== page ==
Missing Malaysia Airlines plane 'a mystery'
Malaysia's civil aviation chief has said the fate of a missing Malaysia Airlines jet remains "a mystery".
Azharuddin Abdul Rahman said officials had not ruled out hijacking as a cause of the plane's disappearance.
The possible sighting of a yellow life raft was investigated on Monday, but was found to be an unrelated object.
Malaysia Airlines flight MH370 vanished from radar almost three days ago en route to Beijing from Kuala Lumpur, with 239 people on board.
Relatives of the missing passengers have been told to prepare for the worst.
Malaysia's armed forces chief also said they were co-operating with Chinese intelligence to identify the two passengers on board flight MH370 who were travelling on stolen passports.
Malaysia's acting transport minister, Hishamuddin Hussein, said all of the relevant information concerning those two passengers had now been passed on to the various national intelligence agencies which were investigating the matter.
Earlier, China said the Malaysian authorities needed to "step up their efforts" to find the missing jet which had more than 150 Chinese nationals on board.
"The Malaysian side attaches importance to the incident with a sincere attitude, but in light of the situation, the Malaysian side needs to step up their efforts," a Chinese foreign ministry spokesman told reporters at a regular news briefing, the AFP news agency reports.
Commander William Marks from the US Seventh Fleet, which is taking part in the search, says a radar could detect the radio beacon of the plane's flight recorders.
"In calm seas, if there were a soccer ball [football] or a basketball floating in the water, the radar could pick it up. They [flight recorders] typically have a radio beacon and so for example our P3 [which carries a radar] - if they are flying within a certain range of that - will pick up that radio beacon. We have not yet picked up anything, but that's typically what those black boxes contain."
There are now 40 ships and 34 aircraft from nine different nations taking part in the search in the seas off Vietnam and Malaysia.
Late on Sunday, the Vietnamese authorities said two objects had been sighted in waters south of Vietnam which appeared to resemble aircraft parts, including a door.
The debris was in a similar area to a possible oil slick seen by Vietnamese navy planes on Saturday.
But Azharuddin Abdul Rahman said on Monday that this sighting had never been officially verified and could not be confirmed.
Samples of the oil had been collected and sent to a laboratory for analysis to see if it came from the plane, he said.
US Navy officials earlier said their aircraft had not seen any debris associated with commercial aircraft wreckage.
Flight MH370 left Kuala Lumpur for Beijing at 00:41 local time on Saturday (16:41 GMT on Friday). But radio contact was lost at 17:30 GMT, somewhere between Malaysia and Vietnam.
Officials say they still have no idea what went wrong.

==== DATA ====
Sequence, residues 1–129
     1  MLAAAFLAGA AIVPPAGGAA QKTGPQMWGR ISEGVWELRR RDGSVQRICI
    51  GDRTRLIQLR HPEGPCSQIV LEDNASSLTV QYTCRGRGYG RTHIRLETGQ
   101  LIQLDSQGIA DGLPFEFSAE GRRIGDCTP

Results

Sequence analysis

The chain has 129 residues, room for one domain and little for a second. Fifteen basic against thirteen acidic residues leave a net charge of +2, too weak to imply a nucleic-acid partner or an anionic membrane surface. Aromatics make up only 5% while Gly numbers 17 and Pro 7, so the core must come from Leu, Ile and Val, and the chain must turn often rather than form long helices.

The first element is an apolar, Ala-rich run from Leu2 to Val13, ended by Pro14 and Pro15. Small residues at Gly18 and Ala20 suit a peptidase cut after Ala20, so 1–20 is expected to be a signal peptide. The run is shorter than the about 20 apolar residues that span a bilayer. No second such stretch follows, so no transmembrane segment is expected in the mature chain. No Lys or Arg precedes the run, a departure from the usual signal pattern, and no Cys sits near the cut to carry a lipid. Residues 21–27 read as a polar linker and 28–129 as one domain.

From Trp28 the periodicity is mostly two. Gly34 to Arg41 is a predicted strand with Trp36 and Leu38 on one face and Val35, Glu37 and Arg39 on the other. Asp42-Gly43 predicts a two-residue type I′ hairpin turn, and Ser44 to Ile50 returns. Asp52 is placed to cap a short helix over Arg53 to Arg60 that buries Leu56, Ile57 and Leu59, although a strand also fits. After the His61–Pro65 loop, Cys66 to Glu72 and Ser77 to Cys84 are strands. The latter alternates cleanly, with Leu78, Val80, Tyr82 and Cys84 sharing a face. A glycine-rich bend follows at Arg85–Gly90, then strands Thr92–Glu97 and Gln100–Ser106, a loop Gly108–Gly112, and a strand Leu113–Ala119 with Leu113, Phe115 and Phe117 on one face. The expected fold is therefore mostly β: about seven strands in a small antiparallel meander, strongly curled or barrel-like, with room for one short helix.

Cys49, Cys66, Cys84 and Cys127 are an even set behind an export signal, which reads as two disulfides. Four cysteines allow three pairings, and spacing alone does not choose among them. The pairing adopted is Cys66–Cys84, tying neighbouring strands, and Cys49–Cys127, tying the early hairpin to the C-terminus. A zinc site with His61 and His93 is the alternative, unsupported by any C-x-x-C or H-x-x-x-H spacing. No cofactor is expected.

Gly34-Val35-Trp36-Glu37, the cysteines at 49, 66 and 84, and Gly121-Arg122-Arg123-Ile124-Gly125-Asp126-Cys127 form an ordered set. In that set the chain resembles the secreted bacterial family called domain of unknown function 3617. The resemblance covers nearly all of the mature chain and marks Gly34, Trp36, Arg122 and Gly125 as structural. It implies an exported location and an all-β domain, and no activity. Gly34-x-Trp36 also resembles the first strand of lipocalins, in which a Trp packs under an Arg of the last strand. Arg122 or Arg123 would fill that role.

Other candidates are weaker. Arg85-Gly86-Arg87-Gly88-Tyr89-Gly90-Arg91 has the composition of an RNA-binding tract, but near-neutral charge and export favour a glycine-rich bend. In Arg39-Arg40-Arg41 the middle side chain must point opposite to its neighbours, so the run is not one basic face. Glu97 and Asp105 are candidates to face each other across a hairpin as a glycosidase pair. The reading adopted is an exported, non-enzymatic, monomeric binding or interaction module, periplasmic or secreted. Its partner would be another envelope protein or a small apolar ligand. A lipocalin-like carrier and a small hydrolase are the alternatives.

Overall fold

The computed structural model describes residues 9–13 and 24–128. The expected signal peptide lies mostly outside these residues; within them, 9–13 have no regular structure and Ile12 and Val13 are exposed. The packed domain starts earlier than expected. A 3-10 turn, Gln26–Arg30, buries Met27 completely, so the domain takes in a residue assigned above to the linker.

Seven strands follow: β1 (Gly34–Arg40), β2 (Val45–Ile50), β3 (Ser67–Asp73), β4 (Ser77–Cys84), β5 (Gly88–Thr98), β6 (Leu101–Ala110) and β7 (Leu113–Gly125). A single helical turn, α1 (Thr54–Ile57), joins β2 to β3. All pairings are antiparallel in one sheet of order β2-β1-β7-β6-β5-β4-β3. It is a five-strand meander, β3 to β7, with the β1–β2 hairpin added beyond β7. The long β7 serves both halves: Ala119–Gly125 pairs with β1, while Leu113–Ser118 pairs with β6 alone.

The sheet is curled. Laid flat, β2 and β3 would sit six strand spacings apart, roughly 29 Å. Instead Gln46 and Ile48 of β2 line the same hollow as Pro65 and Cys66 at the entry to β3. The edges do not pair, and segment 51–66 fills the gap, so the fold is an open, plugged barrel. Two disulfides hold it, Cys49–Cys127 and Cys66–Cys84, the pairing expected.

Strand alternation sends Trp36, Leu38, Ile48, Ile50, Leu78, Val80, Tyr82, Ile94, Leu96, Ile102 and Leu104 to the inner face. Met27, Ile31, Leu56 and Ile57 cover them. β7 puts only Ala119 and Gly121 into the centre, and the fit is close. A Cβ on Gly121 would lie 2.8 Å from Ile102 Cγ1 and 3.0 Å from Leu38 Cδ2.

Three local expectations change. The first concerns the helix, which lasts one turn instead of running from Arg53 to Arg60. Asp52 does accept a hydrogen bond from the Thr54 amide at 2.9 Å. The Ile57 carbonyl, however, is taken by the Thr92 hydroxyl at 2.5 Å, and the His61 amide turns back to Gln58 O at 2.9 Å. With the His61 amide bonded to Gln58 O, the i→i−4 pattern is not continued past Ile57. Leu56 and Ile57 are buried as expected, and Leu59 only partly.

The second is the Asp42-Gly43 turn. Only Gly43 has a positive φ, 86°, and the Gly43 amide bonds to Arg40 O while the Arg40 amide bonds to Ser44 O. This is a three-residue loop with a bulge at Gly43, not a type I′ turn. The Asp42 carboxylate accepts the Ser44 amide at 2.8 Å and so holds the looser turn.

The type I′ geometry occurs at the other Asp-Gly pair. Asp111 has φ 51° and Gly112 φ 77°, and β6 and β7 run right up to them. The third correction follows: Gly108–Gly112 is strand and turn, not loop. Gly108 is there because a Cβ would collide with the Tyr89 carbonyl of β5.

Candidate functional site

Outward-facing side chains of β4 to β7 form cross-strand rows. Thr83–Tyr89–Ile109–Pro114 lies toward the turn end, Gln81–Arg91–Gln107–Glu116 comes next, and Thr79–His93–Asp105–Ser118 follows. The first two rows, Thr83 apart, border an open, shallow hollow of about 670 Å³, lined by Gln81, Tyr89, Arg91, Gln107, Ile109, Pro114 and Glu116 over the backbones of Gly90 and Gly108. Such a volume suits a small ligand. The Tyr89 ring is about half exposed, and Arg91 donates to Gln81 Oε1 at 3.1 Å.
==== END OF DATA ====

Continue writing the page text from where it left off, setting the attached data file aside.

Malaysian military officials said on Sunday they were widening the search area because of indications the plane, a Boeing 777-200ER, may have turned back from its scheduled route shortly before vanishing from radar screens.
Commander William Marks told the BBC the search area covered hundreds of kilometres.
"Just from the air we can see things as small as almost the size of your hand, or a basketball. So it's not a matter of if we can see it - it's an extremely large area."
Investigators are looking at all angles, including a possible terror attack. Counter-terrorism agencies and the FBI are involved in the operation.
The focus has been on two passengers who boarded the flight using stolen passports.
International police agency Interpol has confirmed the passengers were travelling with Italian and Austrian passports stolen in Thailand years ago.
They had purchased their tickets at the same time from China Southern Airlines which shared the flight with Malaysia Airlines, had consecutive ticket numbers and were both booked on the same onward flight from Beijing to Europe on Saturday.
Ronald Noble, the secretary general of Interpol, said in a statement that while it was too soon to speculate on any connection between the theft and the plane's disappearance, it was "clearly of great concern that any passenger was able to board an international flight using a stolen passport listed in Interpol databases".
Five passengers booked on the flight did not board, and their luggage was consequently removed.
The passengers on the flight were of 14 different nationalities. Two-thirds were from China, while others were from elsewhere in Asia, North America and Europe.
China has sent a team of government officials to Kuala Lumpur to look into the case.
The BBC's John Sudworth in Beijing says relatives waiting for news are getting increasingly frustrated, saying they are not getting information in a timely manner.
They have complained that government officials have not visited the families, our correspondent adds.
Meanwhile, Malaysian King Abdul Halim Mu'adzam Shah offered his condolences to the passengers.
He said he and the Queen "would like to express our sympathy to the passengers and crew, especially to their family".
Malaysia Airlines is the country's national carrier, flying nearly 37,000 passengers daily to some 80 destinations worldwide.
On Monday, shares in Malaysia Airlines fell 18% to a record low.